Indian Rupee, Bonds Slide As Global Markets Add To Domestic Woes
The benchmark 10-year bond yield rose to its highest level in two years and traded above 7.80 percent on open.
The Indian rupee weakened and bond yields rose further on Thursday as traders took note of adverse developments globally, which only added to local pressures.
The benchmark 10-year bond yield rose to its highest level in two years and traded above 7.80 percent on open. At 10 am, the 10-year bond yield was trading at 7.76 percent.
Traders reacted, in part, to minutes from the Federal Open Market Committee (FOMC), which suggested that the US Federal Reserve believes that there is substantial underlying economic momentum in the US economy, which could withstand rate hikes. The US 10-year bond yield rose to 2.96 percent in overnight trade.
Back home in India, minutes of the Monetary Policy Committee (MPC) showed that most members are concerned about rising inflation pressures. RBI Governor Urjit Patel, in his statement noted that inflation is getting generalised, but also added that the nascent growth recovery needs to be supported.
The market perceived both FOMC and MPC minutes to be hawkish, said Lakshmi Iyer, chief investment officer (debt) at Kotak Mutual Fund.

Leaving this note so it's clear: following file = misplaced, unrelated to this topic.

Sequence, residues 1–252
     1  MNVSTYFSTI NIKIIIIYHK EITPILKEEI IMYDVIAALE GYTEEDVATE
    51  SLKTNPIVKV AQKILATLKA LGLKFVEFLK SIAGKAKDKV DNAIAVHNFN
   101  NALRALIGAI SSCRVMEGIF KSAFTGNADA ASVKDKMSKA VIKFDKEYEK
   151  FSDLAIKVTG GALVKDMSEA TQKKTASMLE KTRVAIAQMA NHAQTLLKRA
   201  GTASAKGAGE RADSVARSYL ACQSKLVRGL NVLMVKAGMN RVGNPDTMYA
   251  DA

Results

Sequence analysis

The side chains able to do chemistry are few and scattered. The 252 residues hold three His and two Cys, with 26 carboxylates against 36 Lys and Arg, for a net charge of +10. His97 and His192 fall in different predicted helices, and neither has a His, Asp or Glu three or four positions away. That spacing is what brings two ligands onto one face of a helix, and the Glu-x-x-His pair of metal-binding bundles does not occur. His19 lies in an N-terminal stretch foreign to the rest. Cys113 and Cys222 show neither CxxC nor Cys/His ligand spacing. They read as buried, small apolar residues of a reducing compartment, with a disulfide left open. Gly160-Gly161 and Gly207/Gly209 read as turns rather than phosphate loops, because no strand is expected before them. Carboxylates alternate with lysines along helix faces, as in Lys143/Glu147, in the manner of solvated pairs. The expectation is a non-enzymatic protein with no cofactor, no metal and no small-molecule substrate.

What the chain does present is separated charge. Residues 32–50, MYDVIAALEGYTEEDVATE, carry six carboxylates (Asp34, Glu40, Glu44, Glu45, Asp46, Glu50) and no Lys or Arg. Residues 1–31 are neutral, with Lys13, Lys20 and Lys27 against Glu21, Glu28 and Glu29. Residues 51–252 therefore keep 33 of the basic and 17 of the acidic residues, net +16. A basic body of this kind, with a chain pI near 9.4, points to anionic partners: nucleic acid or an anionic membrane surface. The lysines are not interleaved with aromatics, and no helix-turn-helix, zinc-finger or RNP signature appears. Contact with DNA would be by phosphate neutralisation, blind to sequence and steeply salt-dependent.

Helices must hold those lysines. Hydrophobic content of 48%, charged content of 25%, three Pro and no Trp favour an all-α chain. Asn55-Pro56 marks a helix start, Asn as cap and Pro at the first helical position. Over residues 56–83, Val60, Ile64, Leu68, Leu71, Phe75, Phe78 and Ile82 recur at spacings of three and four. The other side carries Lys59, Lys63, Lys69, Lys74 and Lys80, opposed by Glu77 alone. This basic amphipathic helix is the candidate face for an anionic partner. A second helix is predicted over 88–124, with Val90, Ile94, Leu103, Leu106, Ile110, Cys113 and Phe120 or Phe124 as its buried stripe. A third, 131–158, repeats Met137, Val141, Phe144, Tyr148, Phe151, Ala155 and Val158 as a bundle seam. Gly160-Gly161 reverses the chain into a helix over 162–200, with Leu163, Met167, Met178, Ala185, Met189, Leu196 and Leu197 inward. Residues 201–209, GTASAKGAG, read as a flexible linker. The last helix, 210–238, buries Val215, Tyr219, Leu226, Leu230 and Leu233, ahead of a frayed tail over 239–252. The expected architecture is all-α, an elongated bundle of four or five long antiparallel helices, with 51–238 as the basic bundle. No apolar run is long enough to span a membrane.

The benchmark 10-year Indian bond yield has risen from 6.42 percent on 21 June 2017 to over 7.75 percent now. Bond yields have risen in anticipation of higher inflation, a wider fiscal deficit and lack of demand for the incremental bond supply coming into the market.
In the currency markets, the rupee slid in response to a stronger dollar and higher global bond yields. The rupee traded below the 65/$ mark for the first time since November 2017.
Foreign inflows have slowed in February with investors pulling out Rs 6,400 crore from the equity markets in February. Debt market inflows, while positive, has also slowed. In addition, importer demand for dollars has picked up in the last few days following a fraud detected at Punjab National Bank. The fraud linked to fraudulent ‘Letters of Understanding’ has led to concerns that roll over of buyer’s credit may be tougher in the near term.
There is higher demand from importers over the last few days although it is difficult to tell what the exact cause is, said a currency trader who spoke on the condition of anonymity.
At 10 am, the Indian Rupee was trading at 65.02/$. The Rupee’s decline was in line with other Asian currencies, which all traded weak on Thursday.
(This article was first published in BloombergQuint.)
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